Role Of Settlers In Colonial Virginia

In the seventeenth century Virginia saw an influx in the indentured servant population. These were typically young, white, and unmarried males who would work for about four to seven years in exchange for food, clothes, housing, etc. When their terms of service were terminated, these now freemen hoped to receive land ownership and some upward social mobility. Owning land meant that they could have a vote and in turn be a member of the society. By the 1670s, however, there was hardly any good, vacant land left to settle in Virginia, so they began to look towards Indian territories. Nathaniel Bacon, the young, ambitious cousin of Sir William Berkeley, the governor of Virginia, decided to lead this charge. These actions caused conflict over land …show more content…
When the Indians retaliated, Bacon called on governor Berkeley to send militia after the Indians. Instead, Berkeley denied that request and set up an unorganized group of forts on the border in attempts to not only keep the Indians out but mostly to keep Bacon and his followers from leaving. Bacon’s lack of authority and Berkeley’s unhelpful solution to Bacon’s requests lead Bacon to make specific allegations against Berkeley. On July 30, 1676, Bacon and his army issued the "Declaration of the People of Virginia" in which Bacon criticized Berkeley 's administration. It accused him of putting an unjust amount of taxes on the people, showing favoritism to a select group and using them for his own agenda, having a monopoly in the fur trade and selling his Majesty’s country to “heathens”, providing protection for the Indians, sending back the army when he learned they had gotten word of his people’s attack on the Indians, framing an army to protect his Majesty’s country, forging commission, and trying to avoid war among the settlers all at once. Bacon then says “…we declaire the owners, Masters or Inhabitants of the said places, to be confederates and trayters to the people and the estates of them is alsoe of all the aforesaid persons to be confiscated, and this we the Comons of Virginia doe declare, desiring a firme …show more content…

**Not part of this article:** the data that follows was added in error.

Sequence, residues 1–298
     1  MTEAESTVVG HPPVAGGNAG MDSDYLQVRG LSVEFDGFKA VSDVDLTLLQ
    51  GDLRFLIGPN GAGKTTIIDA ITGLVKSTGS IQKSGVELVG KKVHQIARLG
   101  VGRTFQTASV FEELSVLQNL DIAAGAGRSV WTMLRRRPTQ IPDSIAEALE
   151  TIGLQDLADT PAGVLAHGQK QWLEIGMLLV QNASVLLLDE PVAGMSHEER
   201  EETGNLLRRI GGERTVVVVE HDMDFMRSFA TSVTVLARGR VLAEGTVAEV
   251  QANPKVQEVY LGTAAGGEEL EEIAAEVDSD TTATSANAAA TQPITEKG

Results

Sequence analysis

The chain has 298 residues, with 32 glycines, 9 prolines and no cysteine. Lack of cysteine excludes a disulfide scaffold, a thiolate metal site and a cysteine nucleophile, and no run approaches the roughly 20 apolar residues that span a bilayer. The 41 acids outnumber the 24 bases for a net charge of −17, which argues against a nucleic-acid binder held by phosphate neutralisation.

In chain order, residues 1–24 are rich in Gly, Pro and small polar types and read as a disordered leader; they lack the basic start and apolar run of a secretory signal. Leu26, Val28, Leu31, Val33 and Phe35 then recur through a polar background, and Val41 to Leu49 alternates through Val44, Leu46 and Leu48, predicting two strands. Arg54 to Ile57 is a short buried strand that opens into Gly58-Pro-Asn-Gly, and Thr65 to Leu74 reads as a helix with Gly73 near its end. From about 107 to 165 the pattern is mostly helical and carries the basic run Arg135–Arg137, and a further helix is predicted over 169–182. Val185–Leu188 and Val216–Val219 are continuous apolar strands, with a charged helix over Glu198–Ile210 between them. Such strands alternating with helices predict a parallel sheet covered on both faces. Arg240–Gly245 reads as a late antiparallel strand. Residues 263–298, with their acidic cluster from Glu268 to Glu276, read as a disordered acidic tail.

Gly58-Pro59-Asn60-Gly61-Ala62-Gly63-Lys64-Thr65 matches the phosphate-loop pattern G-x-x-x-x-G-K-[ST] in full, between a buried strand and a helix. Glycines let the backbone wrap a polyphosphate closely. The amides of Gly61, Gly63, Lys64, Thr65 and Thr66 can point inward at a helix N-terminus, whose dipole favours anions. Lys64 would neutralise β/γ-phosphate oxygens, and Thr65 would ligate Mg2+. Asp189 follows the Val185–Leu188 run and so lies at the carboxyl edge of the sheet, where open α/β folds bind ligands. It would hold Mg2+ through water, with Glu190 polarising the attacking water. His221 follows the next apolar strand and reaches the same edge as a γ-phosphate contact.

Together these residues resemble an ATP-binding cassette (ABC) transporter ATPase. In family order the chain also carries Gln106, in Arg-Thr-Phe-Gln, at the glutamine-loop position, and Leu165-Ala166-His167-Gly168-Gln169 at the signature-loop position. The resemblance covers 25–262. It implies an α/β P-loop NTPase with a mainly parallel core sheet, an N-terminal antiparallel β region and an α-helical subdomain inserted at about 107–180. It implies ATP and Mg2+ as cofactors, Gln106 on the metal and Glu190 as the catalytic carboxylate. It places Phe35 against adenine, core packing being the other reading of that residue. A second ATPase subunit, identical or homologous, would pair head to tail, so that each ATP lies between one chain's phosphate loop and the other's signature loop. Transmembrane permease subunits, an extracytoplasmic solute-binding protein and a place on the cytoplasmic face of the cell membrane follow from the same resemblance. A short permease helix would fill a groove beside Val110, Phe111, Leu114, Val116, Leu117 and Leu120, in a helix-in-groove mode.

Their conflict over land stemmed from Bacon’s disrespect of Berkeley’s authority and wanting things to be done his way. He created conflicts between landowners and non-landowners, the Indians and Virginia, and between Berkeley and himself. The only way that their conflicts were resolved were when one of them died, offering no peaceful solution to this problem. Nevertheless, Both thought that they had what was in the best interest of Virginia in mind. Both Bacon and Berkeley both believed that they had the full backing of the crown thus neither one of them was a

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